In a letter appearing in today’s Wall Street Journal, Dr. Charles Jackson criticizes Democratic proposals to mandate individual insurance purchases. An obviously ardent opponent of regulation, Dr. Jackson states, “I thought insurance was a voluntary exchange in which I and an insurance provider estimate my risk” and goes on to state that mandates are not insurance but “a tax and a transfer.”
Mandates are indeed a transfer. So too is insurance. And both transfers serve the same purpose, to help individuals cover the cost of illness. They are two very different sides of the same stone. The key to understanding their similarities and differences is to consider timing.
Dr. Jackson takes a remarkably short term perspective. It is true that in any given year, individuals can contract with insurers and if they fall ill in that year, their insurer will cover the cost. This would represent a transfer from healthy enrollees to sick enrollees. So far, so good. Now consider what happens at the end of the year. In an unfettered market, the insurer would raise the premium. If the illness is serious and chronic, the individual may face a lifetime of higher premiums. But these high premiums are just as much a cost of illness as the expenses born during the first year. If free market insurance is supposed to limit individual exposure to financial risk, then free market insurance has surely failed.
Lifetime insurance contracts would solve this problem by essentially creating an intergenerational transfer between our young and old selves. Mark Pauly and others have shown, however, that adverse selection might make impossible for an insurer to turn a profit, which may explain why private lifetime health insurance does not exist. Government lifetime insurance does exist, on the other hand – just ask any Canadian. The purchase mandate (combined with other insurance market reforms) offers an alternative way to obtain lifetime insurance. Just like lifetime insurance, the mandate would be an intergenerational transfer. Much like Social Security, today’s young and healthy lose money but make it back as they age. As long as the system endures, everyone ultimately benefits. No one is penalized for getting diabetes or cancer or just growing old.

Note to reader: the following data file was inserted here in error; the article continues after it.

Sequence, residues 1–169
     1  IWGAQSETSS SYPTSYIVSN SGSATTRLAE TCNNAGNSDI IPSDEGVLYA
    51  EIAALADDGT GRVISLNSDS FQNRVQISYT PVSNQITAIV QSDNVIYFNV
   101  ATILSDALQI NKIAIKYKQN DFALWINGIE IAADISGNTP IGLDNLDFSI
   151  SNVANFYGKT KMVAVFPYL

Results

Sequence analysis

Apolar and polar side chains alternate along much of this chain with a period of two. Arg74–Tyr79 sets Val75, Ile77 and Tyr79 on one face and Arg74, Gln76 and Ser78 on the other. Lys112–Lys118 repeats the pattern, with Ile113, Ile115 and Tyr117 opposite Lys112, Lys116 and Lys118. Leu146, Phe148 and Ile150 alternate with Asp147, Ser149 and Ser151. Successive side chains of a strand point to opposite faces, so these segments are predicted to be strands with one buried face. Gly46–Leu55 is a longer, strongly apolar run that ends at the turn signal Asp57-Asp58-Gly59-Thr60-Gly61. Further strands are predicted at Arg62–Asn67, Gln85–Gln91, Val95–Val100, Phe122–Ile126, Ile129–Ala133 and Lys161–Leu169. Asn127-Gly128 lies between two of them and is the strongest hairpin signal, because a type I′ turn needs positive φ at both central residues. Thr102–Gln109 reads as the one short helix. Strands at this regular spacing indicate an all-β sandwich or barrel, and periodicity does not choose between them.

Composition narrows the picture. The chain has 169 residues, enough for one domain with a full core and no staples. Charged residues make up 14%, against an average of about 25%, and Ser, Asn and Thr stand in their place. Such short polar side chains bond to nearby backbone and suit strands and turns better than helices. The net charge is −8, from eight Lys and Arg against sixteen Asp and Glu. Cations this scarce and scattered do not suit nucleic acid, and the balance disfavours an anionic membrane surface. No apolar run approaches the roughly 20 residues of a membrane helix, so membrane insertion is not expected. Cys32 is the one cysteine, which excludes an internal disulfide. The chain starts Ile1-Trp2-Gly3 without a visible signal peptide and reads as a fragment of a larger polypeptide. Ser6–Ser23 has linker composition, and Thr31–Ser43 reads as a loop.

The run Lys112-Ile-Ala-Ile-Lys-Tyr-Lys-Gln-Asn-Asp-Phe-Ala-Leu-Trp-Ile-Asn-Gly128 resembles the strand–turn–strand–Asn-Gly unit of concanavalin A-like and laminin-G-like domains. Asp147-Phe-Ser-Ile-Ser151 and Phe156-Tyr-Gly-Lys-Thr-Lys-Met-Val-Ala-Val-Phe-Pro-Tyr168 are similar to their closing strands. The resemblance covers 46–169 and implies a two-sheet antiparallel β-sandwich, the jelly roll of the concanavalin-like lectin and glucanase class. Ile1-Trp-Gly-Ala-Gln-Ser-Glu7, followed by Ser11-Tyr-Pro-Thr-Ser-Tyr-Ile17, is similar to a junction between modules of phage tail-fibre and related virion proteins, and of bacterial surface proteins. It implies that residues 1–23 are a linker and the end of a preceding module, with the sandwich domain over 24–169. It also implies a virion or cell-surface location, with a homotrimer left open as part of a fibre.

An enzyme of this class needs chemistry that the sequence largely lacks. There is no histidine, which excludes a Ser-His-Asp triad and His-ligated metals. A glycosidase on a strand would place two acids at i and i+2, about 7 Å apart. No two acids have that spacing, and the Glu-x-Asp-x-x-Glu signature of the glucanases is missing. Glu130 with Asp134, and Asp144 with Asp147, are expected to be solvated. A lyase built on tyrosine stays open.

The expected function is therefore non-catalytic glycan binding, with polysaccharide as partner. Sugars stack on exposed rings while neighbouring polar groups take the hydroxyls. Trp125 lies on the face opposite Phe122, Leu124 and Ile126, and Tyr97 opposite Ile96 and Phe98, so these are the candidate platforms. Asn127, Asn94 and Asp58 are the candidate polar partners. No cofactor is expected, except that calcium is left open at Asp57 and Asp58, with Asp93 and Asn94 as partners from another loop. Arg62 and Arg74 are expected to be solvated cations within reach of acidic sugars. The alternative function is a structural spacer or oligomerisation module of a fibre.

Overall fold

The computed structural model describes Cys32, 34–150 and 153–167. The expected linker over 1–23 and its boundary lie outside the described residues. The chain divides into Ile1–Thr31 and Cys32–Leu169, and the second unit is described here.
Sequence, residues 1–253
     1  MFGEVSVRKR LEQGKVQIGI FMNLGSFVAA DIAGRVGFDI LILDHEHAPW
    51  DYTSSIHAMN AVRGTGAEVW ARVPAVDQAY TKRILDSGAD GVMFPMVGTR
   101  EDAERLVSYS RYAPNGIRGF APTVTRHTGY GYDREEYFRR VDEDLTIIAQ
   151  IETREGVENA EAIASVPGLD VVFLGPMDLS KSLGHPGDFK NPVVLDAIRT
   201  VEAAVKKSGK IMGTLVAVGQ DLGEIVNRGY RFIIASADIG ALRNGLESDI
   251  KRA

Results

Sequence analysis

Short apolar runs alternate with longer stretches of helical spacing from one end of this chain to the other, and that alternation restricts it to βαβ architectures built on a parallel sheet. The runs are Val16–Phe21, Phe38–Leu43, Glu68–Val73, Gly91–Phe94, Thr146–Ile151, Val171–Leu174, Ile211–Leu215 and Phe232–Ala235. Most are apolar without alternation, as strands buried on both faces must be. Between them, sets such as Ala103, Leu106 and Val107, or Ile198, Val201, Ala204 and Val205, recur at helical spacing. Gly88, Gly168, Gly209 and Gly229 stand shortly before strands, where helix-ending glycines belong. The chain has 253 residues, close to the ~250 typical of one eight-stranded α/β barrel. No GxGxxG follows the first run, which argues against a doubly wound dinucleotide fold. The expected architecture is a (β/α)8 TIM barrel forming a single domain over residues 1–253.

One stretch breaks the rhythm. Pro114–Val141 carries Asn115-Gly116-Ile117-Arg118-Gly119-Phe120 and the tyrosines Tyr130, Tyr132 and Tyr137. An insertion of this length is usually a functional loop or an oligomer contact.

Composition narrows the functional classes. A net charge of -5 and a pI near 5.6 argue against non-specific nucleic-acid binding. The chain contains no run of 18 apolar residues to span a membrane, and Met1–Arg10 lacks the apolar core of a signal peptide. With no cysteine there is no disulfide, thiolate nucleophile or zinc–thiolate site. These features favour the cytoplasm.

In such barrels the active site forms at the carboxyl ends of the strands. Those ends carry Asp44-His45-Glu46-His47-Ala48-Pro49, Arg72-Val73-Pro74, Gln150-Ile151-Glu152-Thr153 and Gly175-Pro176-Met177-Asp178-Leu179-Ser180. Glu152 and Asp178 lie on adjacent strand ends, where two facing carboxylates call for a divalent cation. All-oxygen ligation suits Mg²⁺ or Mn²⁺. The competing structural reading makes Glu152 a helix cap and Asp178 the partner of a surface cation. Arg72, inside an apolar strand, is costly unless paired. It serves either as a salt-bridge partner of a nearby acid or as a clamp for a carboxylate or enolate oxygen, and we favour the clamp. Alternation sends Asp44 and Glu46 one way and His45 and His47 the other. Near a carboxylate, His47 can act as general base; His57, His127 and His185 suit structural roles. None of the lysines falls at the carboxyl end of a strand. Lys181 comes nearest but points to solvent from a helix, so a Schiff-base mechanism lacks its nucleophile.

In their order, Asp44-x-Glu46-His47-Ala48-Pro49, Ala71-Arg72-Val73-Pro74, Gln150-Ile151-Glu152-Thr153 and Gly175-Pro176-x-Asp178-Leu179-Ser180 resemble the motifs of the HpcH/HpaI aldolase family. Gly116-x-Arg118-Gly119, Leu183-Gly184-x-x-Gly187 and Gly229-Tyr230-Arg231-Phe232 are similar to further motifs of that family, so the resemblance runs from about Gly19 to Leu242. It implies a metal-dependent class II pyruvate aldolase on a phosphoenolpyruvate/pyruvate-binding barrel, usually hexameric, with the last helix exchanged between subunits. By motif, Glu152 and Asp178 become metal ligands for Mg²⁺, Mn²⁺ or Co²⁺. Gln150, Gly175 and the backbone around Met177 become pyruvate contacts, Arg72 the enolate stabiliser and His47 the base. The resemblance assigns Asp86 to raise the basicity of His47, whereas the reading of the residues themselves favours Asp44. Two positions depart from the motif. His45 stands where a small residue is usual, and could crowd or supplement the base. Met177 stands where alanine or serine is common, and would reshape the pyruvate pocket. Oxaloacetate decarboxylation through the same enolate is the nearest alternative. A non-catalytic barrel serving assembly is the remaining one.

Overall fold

Without some insurance regulations, those who are ill through no fault of their own will continue to pay higher insurance premiums, thereby making a mockery of the notion of insurance. Or they will go without insurance altogether and, once ill, throw themselves on the mercy of providers (and, eventually all of us.) Of course, regulation is no panacea. We will have to raise taxes to subsidize purchases by low income individuals and we may have to impose steep penalties to insure that everyone participates. Will we actually enforce them?
No one knows if a regulated insurance markets will prove worse than the status quo. But there is no use pretending that free market health insurance achieves some sort of textbook ideal. That position and does an injustice to the serious issues in hand. (Though it is no worse than some of the rhetoric spewed forth by single payer supporters.) The fact is that the market screws things up and the government screws things up. Let’s try to understand exactly what gets screwed up and find realistic ways to make things less screwed up. Let the ideologues fight it out on cable and the op-ed pages of the Journal and the Times. Maybe that will keep them out of the way while deeper thinkers find real answers to our problems. There is too much important work still left to be done.